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Are you a developer evangelist and didn’t know it?

What does it take to be a developer evangelist?

First, let’s get over the title — developer evangelist. It has seemingly become the prevailing label for the person who could also be called developer advocate, technical evangelist, and/or community something or other. I’m not here to weigh in on that, but I wanted to acknowledge its … awkwardness? And let you know that this article is referring to all those titles and their kin as one and the same.

In any event lots of companies employ one or more of these evangelist/advocate-type folks, and countless additional companies would like to hire one or more of them.

It’s a growing profession that requires a special kind of person: a natural community-builder and instant friend to everyone they meet; who can admirably represent a brand while intelligently and eloquently espousing a technical product to a similarly technical audience.

The recent rise in demand for this unicorn-ish human has not been met with adequate supply. I talk with a different company each week who has included developer evangelism as an integral part of their business strategy. Those who have a great strategy in place are wondering where they’ll find the people to execute on it. Others are looking for support with both strategy creation and execution. On the other hand, I know a lot of great talent in the field, but they’re all happily busy with their respective gigs.

I have a theory.

I don’t believe there is a shortage of developer evangelists. They’re out there and don’t yet know it.

I believe there’s a bunch of people who consider themselves full stack devs or data scientists or product managers or dev ops all day err day; a plethora of professionals who possess not only the super powers to be a technical evangelist but a desire to apply their aptitudes in new ways and grow to greater heights.

The person.

Here’s a list of common character traits that have shined most brightly from the wonderful developer evangelists with whom I’ve had the honor to work (in no particular order):

  • an entrepreneurial spirit
  • self-driven / autonomous / independent
  • personable, social (not necessarily super extroverted)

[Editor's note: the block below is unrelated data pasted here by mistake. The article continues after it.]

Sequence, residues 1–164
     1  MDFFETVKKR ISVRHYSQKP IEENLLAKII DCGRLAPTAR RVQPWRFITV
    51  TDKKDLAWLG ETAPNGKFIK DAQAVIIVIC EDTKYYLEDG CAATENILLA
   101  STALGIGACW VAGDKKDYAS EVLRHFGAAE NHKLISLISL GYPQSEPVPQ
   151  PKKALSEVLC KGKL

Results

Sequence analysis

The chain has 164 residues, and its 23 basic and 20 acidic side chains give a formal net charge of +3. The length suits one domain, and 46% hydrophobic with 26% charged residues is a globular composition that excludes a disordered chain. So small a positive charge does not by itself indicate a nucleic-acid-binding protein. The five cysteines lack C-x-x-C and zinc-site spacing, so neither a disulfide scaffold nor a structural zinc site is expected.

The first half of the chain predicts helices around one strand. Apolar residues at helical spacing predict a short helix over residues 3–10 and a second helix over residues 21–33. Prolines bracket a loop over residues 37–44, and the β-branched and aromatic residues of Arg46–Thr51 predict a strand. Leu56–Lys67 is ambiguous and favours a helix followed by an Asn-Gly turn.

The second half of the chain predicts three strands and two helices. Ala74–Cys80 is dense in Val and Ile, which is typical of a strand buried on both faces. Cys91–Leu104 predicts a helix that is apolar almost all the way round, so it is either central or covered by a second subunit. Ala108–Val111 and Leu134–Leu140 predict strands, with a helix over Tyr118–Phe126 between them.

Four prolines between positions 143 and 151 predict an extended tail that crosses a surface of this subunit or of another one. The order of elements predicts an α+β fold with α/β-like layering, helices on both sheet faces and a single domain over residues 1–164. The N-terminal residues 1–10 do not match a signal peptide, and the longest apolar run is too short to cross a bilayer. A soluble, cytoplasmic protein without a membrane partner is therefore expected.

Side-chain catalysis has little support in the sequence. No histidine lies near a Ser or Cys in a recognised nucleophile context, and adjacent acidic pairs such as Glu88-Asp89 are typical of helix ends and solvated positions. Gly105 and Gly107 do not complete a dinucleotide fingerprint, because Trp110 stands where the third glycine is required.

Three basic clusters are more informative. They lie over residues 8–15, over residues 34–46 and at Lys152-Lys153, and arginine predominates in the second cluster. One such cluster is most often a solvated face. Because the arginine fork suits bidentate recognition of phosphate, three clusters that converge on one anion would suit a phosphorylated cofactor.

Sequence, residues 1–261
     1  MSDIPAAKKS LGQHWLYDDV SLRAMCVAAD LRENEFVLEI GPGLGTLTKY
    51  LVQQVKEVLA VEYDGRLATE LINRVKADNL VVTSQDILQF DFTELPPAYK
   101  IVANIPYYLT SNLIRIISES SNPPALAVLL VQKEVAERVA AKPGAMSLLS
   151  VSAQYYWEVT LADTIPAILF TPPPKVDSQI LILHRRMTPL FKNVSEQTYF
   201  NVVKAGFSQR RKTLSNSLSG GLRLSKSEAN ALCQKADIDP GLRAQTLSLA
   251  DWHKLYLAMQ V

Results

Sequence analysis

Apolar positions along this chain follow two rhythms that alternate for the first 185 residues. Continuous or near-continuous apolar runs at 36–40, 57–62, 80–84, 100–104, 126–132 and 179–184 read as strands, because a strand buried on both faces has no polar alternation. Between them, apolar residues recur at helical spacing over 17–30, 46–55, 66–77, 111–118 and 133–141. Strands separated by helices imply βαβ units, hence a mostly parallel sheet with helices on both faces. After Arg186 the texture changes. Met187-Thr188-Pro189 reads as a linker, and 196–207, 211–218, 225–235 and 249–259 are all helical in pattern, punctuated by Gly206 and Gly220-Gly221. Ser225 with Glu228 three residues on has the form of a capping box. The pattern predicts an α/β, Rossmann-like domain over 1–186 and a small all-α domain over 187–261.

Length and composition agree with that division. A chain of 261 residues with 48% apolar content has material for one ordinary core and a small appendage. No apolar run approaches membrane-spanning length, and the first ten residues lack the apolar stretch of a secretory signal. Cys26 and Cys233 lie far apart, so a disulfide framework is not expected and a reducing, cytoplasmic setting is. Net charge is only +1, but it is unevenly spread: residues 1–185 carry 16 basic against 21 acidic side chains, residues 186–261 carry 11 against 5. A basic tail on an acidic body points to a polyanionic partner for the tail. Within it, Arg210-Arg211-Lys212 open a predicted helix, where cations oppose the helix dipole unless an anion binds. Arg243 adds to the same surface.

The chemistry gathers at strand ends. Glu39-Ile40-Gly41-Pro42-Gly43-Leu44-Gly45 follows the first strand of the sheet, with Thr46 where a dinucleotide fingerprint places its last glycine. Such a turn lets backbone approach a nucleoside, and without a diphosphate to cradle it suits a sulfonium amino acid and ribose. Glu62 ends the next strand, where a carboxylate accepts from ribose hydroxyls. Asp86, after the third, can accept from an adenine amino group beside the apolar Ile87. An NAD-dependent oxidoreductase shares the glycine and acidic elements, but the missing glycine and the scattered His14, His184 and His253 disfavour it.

• responsible, reliable
  • mature
  • energetic — in the moment and over time
  • good communicator — written, spoken, verbal/non-verbal
  • fast learner
  • intuitive
  • curious
  • creative
  • positive, optimistic
  • problem solver
  • empathetic / compassionate / kind
  • selflessness
  • leadership
  • inclusive and collaborative
  • a generalist with specialties

☝️these words leapt to mind when recalling the things I appreciate and respect in the most effective developer community builders I know.

The resume.

Of course, there are a lot of other things one might look for when searching for their future developer relations team member:

  • a killer network
  • amazing references
  • an active blog
  • a strong social following
  • tech talks on the youtubes
  • a portfolio of side projects
  • an established (👍) reputation on Stack Overflow, Hacker News, Product Hunt
  • many hues of green on their Github profile
  • years working behind the keyboard on a full stack
  • backend, frontend, web, mobile…at least one, if not all
  • speaks multiple programming languages
  • respected open source contributor

Yes, these are all the things that an ideal candidate has listed on her resume.

My theory, cont’d:

Experience is great. It can set one candidate apart from another in a major way.

But one thing about experience iseveryone lacks it at some point — including the greatest developer evangelist ever, who (by the way) hasn’t been discovered due to existing in the future.

And another thing about experience? Anyone can get it, given the right opportunities (and corresponding effort).

Contrast experience with character traits and skills like those listed above — arguably, the traits/skills are less readily attainable than “experience.” At the same time, they’re often either (a) naturally present in or (b) consciously developed by a lot of humans.

Moral of the story.

If you’re a technologist, a hobbyist, a builder, a tinkerer, an engineer, a developer, a software person, a hardware person, a hacker, a designer/developer, or anything in that realm, and you enjoy hanging out and collaborating with people who share these monikers, and you’d like to get paid to do so, then you should consider a career in developer evangelism.

If you’re a company who’s looking to hire your first or next developer evangelist, absolutely look for experience. But consider looking even moreintently for personalities that signal the makings of the next great evangelist.

Focus on the person they are and who they intend to be, over the set of experiences they’ve yet to amass.

When you can’t find the person that matches your job description exactly, look for the person with the vision, ambition, and confidence to build a resume that will (eventually) mirror said description. Then, give them the opportunity to do so.


In this context, I’m interested in matching companies with individuals, because (1) I’m in a good position to do so, and (2) I think corporations need to evolve, and community-oriented roles like this can drive positive change.

If you’re on either side of this equation, and you think I might be able to support you in meeting someone on the other side, I’d love to hear from you.

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Tim Falls

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Tim Falls


Living nomadically, working independently, thinking openly, learning constantly, exploring curiously

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